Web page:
New drug that combines methicillin with polymer BPEI can combat MRSA

New drug that combines methicillin with polymer BPEI can combat MRSA

A University of Oklahoma team of chemists has developed a new antibiotic formulation to fight the sometimes deadly staph infection caused by methicillin-resistant S. aureus or MRSA and other antibiotic-resistant infectious bacteria. [More]
Common misconception about penicillin allergies

Common misconception about penicillin allergies

It's time for your primary care check-up, and the doctor asks you to list any known drug allergies. "Penicillin," you say immediately, although you can't remember actually taking the drug or having a reaction to it—it was your parents who said so. According to a Texas A&M Health Science Center allergist, many people who believe they're allergic to this antibiotic may not actually be allergic at all. [More]
New project aims to develop low-cost device that can detect drug allergies within 30 minutes

New project aims to develop low-cost device that can detect drug allergies within 30 minutes

The Universitat Politècnica de València (Polytechnic University of Valencia, UPV) is at the helm of a new Horizon2020 research project to develop a low-cost biophotonic device that can detect drug allergies within 30 minutes. Going by the acronym "Cobiophad", short for Compact Biophotonic Platform for Drug Allergy Diagnosis, it also receives funding from the European Technology Platform Photonics 21. [More]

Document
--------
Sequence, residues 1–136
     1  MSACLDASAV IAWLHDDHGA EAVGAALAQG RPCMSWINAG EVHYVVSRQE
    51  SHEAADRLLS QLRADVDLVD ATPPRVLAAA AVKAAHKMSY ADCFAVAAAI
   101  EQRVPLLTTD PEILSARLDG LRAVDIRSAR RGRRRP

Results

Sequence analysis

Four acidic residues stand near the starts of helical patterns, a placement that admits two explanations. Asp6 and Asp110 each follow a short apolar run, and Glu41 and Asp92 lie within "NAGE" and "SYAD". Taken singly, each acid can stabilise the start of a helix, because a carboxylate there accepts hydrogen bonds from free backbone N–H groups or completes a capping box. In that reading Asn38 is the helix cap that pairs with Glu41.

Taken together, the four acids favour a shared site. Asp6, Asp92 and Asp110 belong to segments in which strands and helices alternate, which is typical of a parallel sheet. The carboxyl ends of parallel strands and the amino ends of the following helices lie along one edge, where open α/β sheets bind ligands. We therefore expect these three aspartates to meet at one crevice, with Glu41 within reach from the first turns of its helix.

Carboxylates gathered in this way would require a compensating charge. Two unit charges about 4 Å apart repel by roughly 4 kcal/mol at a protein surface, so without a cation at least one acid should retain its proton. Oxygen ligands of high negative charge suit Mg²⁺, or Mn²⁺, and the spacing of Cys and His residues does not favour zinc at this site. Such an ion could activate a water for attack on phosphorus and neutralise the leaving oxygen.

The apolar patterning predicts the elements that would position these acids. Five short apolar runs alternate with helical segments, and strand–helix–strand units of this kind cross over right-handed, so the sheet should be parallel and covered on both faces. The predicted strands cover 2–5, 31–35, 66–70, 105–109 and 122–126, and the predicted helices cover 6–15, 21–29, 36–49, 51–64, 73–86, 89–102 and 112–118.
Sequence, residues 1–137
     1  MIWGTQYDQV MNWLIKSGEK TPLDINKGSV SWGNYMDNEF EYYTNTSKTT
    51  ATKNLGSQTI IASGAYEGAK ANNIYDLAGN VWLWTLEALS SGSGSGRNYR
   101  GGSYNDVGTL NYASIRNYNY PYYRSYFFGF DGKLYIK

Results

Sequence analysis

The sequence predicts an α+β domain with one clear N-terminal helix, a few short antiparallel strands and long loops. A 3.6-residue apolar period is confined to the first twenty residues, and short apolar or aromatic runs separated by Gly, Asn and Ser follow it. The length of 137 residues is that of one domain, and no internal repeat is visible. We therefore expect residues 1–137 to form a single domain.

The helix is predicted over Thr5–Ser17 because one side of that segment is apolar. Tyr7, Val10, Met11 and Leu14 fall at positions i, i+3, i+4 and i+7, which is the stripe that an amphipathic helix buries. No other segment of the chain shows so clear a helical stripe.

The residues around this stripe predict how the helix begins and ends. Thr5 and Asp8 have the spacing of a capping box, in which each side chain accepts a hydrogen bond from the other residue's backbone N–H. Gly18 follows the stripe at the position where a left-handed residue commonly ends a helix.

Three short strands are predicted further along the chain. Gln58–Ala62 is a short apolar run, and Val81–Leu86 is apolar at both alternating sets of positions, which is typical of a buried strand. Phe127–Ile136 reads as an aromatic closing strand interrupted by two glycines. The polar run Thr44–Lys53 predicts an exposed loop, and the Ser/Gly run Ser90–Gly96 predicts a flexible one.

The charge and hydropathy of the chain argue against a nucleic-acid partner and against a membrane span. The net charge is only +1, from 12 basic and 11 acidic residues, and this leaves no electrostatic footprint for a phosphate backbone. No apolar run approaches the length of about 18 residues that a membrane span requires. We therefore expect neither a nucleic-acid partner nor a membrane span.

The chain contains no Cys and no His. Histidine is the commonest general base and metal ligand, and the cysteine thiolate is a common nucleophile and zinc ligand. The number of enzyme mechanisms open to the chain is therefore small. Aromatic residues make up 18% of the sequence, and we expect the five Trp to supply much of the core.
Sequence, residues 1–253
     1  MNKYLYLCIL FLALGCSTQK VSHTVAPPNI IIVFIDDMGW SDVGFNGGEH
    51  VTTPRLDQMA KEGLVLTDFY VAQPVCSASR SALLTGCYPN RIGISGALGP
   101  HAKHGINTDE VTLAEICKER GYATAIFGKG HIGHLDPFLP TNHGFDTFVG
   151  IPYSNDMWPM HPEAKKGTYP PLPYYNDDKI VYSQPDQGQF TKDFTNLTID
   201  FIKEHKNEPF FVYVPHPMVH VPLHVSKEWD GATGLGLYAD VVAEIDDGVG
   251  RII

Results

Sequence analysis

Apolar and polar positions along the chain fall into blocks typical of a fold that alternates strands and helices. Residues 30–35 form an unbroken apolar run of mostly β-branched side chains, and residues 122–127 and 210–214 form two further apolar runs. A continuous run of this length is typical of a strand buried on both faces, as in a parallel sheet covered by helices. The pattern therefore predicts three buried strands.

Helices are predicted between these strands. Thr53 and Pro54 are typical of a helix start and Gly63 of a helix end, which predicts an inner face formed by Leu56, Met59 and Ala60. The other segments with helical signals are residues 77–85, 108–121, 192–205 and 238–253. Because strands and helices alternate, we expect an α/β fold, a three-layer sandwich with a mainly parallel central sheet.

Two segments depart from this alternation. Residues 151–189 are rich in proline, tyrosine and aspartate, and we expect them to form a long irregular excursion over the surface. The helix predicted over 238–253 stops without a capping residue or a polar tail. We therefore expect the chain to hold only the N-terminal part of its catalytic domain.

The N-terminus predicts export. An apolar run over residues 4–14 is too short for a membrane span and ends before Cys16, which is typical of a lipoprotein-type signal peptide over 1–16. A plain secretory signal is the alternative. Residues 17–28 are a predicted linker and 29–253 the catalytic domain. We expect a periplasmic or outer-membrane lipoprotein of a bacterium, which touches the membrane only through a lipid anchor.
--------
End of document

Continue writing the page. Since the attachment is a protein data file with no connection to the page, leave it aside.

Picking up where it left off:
Antibiotics may be linked to delirium and other brain problems

Antibiotics may be linked to delirium and other brain problems

Antibiotics may be linked to a serious disruption in brain function, called delirium, and other brain problems, more than previously thought, according to a "Views and Reviews" article published in the February 17, 2016, online issue of Neurology, a medical journal of the American Academy of Neurology. [More]
Allergan's sNDA for TEFLARO (ceftaroline fosamil) accepted by FDA

Allergan's sNDA for TEFLARO (ceftaroline fosamil) accepted by FDA

Allergan plc today announced the U.S. Food and Drug Administration has accepted for filing the company's supplemental New Drug Application (sNDA) for TEFLARO (ceftaroline fosamil). [More]